Vimentin regulates activation of the NLRP3 inflammasome.

dos Santos G, Rogel MR, Baker MA, Troken JR, Urich D, Morales-Nebreda L, Sennello JA, Kutuzov MA, Sitikov A, Davis JM, Lam AP, Cheresh P, Kamp D, Shumaker DK, Budinger GR, Ridge KM - Nat Commun (2015)

Vimentin deficiency prevents asbestos-induced lung injury and fibrosisWT and Vim-/- mice were treated with PBS containing either 200 μg of asbestos crocidolite or the control particle titanium dioxide (TiO2), intratracheally. Markers of inflammation and fibrosis were assessed 3 and 6 weeks after instillation, respectively. Total cell count (macrophages, neutrophils, eosinophils, erythrocytes, and lymphocytes )(A) and protein levels (B) was assessed in BALF collected from Vim-/- mice 3 weeks after asbestos administration. Inflammasome activation in WT and Vim-/- mice was measured by ELISA for caspase-1 (C) and IL-1β (D) levels in BALF at the same time point. Collagen deposition was evaluated in asbestos-treated Vim-/- and WT miceby Masson's trichrome and Picrosirius red staining of lung slices (E) (scale bars, 200 μm) and by measuring total collagen content by Sircol assay (F). Data are from 2 independent experiments n= 6-8 animals per group, and presented as mean ± SD. *P < 0.05, **P < 0.001, relative to WT versus Vim-/-, by one way ANOVA with a correction provided by the Bonferroni multiple comparisons test.
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Related In: Results  -  Collection

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Figure 2: Vimentin deficiency prevents asbestos-induced lung injury and fibrosisWT and Vim-/- mice were treated with PBS containing either 200 μg of asbestos crocidolite or the control particle titanium dioxide (TiO2), intratracheally. Markers of inflammation and fibrosis were assessed 3 and 6 weeks after instillation, respectively. Total cell count (macrophages, neutrophils, eosinophils, erythrocytes, and lymphocytes )(A) and protein levels (B) was assessed in BALF collected from Vim-/- mice 3 weeks after asbestos administration. Inflammasome activation in WT and Vim-/- mice was measured by ELISA for caspase-1 (C) and IL-1β (D) levels in BALF at the same time point. Collagen deposition was evaluated in asbestos-treated Vim-/- and WT miceby Masson's trichrome and Picrosirius red staining of lung slices (E) (scale bars, 200 μm) and by measuring total collagen content by Sircol assay (F). Data are from 2 independent experiments n= 6-8 animals per group, and presented as mean ± SD. *P < 0.05, **P < 0.001, relative to WT versus Vim-/-, by one way ANOVA with a correction provided by the Bonferroni multiple comparisons test.
Mentions: The NLRP3 inflammasome has been implicated in the pathological increase of IL-1β production in a variety of pulmonary inflammatory diseases that lead to fibrosis, including asbestosis21-23. In a model of asbestosis, we sought to determine whether Vim-/- mice showed diminished cytokine production and whether these animals were protected from lung injury and pulmonary fibrosis. Wild-type and Vim-/- mice were exposed to crocidolite asbestos or an inert particle, titanium dioxide (TiO2); markers of injury, inflammation, cytokine production, and fibrosis were assessed. Confirming previous reports22,23, asbestos-exposed mice had increased total cell numbers in BALF compared with TiO2-exposed animals. However, significantly fewer cells were recruited to the lungs of Vim-/- mice after asbestos exposure (Figure 2A). Additional analysis of immune cell recruitment into the lungs of WT and Vim-/- mice was performed by FACS analysis of whole lung lysates (Supplemental Figure 2A). Wild-type mice had profound inflammatory cell infiltrates following exposure to asbestos as observed by hematoxylin and eosin (H&E) staining; in contrast Vim-/- mice showed reduced inflammation (Supplemental Figure 2B). Wild-type mice exhibited an increase in total protein concentration in BALF, whereas Vim-/- mice failed to exhibit such an increase (Figure 2B). The reduction in inflammation in Vim-/- mice exposed to asbestos was associated with reduced levels of caspase-1 and IL-1β in BALF compared with WT mice (Figure 2C and 2D). These data suggest that vimentin is required for asbestos-mediated activation of the NLRP3 inflammasome (step 2), but not for NF-κB activation and upregulation of pro-IL-1β and NLRP3 (step 1). Furthermore, we observed that WT mice exposed to asbestos develop pulmonary fibrosis, as assessed by Masson trichrome and Picrosirius red stain (a dye that binds specifically to collagen fibrils) (Figure 2E), and Sircol assay (Figure 2F). Vimentin deficiency prevented pulmonary fibrosis, as no significant increase in collagen deposition was observed in Vim-/- mice (Figure 2E and 2F). Collectively, these results demonstrate that loss of vimentin prevents asbestos-induced collagen deposition and fibrosis.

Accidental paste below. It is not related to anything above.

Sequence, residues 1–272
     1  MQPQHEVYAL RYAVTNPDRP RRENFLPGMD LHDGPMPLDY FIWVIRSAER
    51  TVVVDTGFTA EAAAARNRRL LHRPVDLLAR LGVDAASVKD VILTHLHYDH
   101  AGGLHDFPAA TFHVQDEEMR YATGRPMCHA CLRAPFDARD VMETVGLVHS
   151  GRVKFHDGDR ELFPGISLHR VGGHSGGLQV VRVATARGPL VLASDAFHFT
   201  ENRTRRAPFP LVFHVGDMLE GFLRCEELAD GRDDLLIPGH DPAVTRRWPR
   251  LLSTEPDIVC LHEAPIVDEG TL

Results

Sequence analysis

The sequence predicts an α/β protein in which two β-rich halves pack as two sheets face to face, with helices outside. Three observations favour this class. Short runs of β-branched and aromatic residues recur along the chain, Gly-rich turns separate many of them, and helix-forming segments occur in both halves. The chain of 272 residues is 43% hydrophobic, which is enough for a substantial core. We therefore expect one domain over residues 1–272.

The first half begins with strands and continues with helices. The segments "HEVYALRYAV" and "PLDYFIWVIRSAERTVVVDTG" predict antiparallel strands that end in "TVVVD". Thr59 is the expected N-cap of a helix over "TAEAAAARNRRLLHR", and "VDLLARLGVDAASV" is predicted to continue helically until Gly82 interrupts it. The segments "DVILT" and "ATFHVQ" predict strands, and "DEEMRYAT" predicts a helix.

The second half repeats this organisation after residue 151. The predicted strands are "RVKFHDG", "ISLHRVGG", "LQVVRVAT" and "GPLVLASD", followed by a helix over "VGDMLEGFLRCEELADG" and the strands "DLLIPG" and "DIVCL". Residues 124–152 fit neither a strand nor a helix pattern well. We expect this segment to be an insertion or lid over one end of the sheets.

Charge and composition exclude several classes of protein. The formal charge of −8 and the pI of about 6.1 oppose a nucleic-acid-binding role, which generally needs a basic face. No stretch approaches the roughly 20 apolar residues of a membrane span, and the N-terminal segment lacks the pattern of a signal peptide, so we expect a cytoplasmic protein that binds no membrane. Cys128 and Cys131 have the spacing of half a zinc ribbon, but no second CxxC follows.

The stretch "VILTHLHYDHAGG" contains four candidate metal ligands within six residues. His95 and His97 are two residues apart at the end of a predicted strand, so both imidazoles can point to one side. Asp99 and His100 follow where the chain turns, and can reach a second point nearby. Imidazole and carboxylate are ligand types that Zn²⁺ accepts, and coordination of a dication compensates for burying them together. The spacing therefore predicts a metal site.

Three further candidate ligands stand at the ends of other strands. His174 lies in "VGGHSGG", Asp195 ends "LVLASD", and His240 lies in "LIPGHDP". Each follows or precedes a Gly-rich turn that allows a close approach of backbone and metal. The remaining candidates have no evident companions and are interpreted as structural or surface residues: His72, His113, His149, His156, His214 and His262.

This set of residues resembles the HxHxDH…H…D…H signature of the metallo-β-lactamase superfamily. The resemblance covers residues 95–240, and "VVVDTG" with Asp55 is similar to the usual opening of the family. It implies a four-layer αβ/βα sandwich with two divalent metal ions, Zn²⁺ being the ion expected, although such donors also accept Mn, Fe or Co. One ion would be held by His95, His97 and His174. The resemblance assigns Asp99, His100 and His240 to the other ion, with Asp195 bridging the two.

Bottom Line: Activation of the NLRP3 inflammasome and subsequent maturation of IL-1β have been implicated in acute lung injury (ALI), resulting in inflammation and fibrosis.Furthermore, decreased active caspase-1 and IL-1β levels are observed in vitro in Vim(-/-) and vimentin-knockdown macrophages.This study provides insights into lung inflammation and fibrosis and suggests that vimentin may be a key regulator of the NLRP3 inflammasome.

View Article: PubMed Central - PubMed

Affiliation: Division of Pulmonary and Critical Care Medicine, Northwestern University, Chicago, Illinois 60611, USA.

ABSTRACT
Activation of the NLRP3 inflammasome and subsequent maturation of IL-1β have been implicated in acute lung injury (ALI), resulting in inflammation and fibrosis. We investigated the role of vimentin, a type III intermediate filament, in this process using three well-characterized murine models of ALI known to require NLRP3 inflammasome activation. We demonstrate that central pathophysiologic events in ALI (inflammation, IL-1β levels, endothelial and alveolar epithelial barrier permeability, remodelling and fibrosis) are attenuated in the lungs of Vim(-/-) mice challenged with LPS, bleomycin and asbestos. Bone marrow chimeric mice lacking vimentin have reduced IL-1β levels and attenuated lung injury and fibrosis following bleomycin exposure. Furthermore, decreased active caspase-1 and IL-1β levels are observed in vitro in Vim(-/-) and vimentin-knockdown macrophages. Importantly, we show direct protein-protein interaction between NLRP3 and vimentin. This study provides insights into lung inflammation and fibrosis and suggests that vimentin may be a key regulator of the NLRP3 inflammasome.

Show MeSH
Related in: MedlinePlus